Learning to be “selfish”

I’m a fairly non-confrontational person, so I’ve said “yes” to things more times in my life than I care to admit. I’m a people pleaser, so when I do say “no” to party invites or people’s requests to go places/do things, I get those twinges of guilt and doubt. I can be resourceful when I need to be, muster up the energy to spend some time with family or others when I would really rather be by myself. But now that I am more comfortable with who I am and how I operate, saying “no” actually feels more liberating than guilt-inducing.

welcome to my little piece of quiet

SolitudeI’m the kind of person who, up until a few months ago, would say yes to every request that came my way. Yes, of course I can drive you to the airport. Sure, I’ll help you move your stuff into your new apartment. Okay, I can do that for you. No problem, I’ll be there around 3. And while its a wonderful thing to be helpful, it can become too much at times. When you start sacrificing your time and effort for others, its easy to forget about your own needs.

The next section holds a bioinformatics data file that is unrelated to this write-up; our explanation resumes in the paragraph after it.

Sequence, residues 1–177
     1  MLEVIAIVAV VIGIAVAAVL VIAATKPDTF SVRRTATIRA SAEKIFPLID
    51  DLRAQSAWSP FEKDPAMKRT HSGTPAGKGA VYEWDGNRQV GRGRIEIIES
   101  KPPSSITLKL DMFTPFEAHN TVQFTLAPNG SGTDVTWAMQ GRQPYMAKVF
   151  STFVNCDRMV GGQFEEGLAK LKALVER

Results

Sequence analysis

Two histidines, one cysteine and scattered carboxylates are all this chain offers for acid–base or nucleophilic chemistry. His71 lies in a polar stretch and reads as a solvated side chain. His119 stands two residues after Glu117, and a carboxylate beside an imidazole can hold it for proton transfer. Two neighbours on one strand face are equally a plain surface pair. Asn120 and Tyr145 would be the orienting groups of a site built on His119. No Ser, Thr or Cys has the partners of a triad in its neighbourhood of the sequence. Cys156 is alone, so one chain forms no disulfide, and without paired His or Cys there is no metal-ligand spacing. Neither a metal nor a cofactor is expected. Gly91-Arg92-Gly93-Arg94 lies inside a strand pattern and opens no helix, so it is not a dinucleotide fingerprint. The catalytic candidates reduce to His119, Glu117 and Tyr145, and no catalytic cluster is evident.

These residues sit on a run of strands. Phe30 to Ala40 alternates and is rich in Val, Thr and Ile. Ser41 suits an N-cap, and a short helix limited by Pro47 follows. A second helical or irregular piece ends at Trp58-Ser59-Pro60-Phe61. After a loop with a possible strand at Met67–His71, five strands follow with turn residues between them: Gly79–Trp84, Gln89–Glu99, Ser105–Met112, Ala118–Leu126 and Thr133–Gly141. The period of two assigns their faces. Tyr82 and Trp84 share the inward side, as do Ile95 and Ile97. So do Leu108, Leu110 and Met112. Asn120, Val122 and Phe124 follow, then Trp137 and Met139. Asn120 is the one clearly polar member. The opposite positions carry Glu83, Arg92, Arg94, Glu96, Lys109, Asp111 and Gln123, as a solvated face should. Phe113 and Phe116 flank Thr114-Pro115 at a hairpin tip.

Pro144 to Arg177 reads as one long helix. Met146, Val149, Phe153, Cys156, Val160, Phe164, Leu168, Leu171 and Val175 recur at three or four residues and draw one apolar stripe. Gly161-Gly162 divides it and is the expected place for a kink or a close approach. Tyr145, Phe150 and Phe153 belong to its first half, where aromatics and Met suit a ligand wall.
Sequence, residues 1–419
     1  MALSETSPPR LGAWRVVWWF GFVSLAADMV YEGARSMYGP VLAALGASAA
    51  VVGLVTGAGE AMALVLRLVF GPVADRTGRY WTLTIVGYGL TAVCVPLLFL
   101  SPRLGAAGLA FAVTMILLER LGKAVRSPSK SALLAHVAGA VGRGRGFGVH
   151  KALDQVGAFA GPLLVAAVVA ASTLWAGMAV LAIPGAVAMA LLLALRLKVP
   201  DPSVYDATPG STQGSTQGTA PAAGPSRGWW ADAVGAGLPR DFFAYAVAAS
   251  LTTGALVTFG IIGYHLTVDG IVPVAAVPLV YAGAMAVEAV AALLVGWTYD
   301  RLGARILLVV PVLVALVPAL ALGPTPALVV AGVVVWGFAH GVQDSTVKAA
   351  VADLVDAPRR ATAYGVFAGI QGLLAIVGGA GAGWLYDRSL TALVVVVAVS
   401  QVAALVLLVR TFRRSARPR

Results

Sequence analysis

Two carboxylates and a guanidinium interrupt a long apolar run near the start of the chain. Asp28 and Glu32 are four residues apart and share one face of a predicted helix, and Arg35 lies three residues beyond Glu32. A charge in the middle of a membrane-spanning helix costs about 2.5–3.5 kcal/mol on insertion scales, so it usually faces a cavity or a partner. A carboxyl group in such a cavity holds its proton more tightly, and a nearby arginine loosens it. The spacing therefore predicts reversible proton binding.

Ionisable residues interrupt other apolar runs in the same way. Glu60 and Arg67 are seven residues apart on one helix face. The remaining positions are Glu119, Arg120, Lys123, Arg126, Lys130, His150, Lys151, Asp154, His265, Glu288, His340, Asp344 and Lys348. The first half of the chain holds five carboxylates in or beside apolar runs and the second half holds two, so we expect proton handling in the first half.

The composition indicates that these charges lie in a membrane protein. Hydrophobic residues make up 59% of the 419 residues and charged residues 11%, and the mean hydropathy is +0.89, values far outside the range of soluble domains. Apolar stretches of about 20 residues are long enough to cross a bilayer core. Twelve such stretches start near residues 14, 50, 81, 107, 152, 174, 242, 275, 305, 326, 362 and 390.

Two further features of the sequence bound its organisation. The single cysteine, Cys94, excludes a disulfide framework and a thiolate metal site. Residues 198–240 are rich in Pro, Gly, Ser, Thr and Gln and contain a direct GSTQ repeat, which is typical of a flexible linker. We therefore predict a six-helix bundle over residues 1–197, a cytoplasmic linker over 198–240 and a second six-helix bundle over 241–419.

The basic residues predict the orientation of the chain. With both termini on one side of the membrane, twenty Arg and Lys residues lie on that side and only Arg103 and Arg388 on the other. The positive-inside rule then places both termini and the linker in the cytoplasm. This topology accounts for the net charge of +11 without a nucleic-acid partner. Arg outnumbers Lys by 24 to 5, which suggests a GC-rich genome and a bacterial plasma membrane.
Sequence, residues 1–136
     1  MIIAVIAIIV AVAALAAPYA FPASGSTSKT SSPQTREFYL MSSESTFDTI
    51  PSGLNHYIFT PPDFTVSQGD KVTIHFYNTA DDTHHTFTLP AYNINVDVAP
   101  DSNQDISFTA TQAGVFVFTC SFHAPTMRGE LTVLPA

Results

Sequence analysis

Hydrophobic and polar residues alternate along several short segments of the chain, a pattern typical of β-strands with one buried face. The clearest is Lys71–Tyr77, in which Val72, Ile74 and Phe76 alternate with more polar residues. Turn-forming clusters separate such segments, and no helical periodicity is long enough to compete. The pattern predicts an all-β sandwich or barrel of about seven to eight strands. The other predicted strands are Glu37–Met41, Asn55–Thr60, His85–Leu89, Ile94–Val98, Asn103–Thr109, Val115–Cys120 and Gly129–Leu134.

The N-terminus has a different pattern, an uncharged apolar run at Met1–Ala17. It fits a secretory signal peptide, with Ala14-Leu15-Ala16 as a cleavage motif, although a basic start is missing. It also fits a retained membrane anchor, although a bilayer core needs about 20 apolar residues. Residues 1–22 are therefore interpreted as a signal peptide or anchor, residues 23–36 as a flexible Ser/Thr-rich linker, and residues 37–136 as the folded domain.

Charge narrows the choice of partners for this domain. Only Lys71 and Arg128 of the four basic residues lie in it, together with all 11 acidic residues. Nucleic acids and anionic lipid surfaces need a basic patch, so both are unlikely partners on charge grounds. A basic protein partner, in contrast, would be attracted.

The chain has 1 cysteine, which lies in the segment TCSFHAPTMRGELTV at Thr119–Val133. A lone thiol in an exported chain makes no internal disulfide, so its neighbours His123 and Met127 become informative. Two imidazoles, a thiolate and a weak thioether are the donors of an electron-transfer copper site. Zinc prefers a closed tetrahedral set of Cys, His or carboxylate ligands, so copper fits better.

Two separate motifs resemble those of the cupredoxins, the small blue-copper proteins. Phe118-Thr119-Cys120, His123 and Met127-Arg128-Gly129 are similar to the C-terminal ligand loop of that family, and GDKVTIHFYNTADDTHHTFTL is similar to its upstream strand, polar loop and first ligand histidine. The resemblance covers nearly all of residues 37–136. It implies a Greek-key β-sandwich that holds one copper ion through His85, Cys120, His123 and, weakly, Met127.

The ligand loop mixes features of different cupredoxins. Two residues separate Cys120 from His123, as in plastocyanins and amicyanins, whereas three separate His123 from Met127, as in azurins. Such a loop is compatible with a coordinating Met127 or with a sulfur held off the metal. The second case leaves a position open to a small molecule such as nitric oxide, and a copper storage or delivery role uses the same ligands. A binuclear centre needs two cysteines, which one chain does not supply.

I volunteered to move a friend a few months back. It was supposed to take 2-3 hours, so I drove over after work and started helping out. I didn’t pick up anything to eat, because I thought it would finished by dinner time. It ended up taking 6 hours, I didn’t get home til nearly 11 pm, and the only thing…

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